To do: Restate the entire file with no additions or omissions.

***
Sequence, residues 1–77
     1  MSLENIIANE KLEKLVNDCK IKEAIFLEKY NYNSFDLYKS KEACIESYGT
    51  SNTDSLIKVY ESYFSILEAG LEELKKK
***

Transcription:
Sequence, residues 1–77
     1  MSLENIIANE KLEKLVNDCK IKEAIFLEKY NYNSFDLYKS KEACIESYGT
    51  SNTDSLIKVY ESYFSILEAG LEELKKK